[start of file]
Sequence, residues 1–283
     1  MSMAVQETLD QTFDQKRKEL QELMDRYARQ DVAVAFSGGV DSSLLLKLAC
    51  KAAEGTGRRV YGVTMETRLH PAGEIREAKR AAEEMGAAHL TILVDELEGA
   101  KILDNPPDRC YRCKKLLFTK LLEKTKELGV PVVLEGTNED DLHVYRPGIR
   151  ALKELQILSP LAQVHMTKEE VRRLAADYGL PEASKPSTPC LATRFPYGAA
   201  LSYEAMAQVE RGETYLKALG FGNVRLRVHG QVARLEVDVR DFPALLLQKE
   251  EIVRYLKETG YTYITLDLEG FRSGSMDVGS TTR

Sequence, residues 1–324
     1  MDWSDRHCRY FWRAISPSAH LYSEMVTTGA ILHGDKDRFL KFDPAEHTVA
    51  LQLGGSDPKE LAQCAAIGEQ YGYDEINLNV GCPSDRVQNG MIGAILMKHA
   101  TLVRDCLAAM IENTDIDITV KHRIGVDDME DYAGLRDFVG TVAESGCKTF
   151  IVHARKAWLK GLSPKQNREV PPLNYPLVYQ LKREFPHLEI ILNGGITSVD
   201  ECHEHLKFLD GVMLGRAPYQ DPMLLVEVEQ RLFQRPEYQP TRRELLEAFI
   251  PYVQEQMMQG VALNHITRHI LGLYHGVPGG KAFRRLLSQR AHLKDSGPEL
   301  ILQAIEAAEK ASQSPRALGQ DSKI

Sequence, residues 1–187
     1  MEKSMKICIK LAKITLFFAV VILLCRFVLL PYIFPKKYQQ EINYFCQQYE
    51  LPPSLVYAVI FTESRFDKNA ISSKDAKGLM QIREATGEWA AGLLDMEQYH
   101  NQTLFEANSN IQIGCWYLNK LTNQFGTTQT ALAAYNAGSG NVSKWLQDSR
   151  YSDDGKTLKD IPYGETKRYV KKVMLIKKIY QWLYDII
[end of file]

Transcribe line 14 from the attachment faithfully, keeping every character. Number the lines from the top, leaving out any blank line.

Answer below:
   251  PYVQEQMMQG VALNHITRHI LGLYHGVPGG KAFRRLLSQR AHLKDSGPEL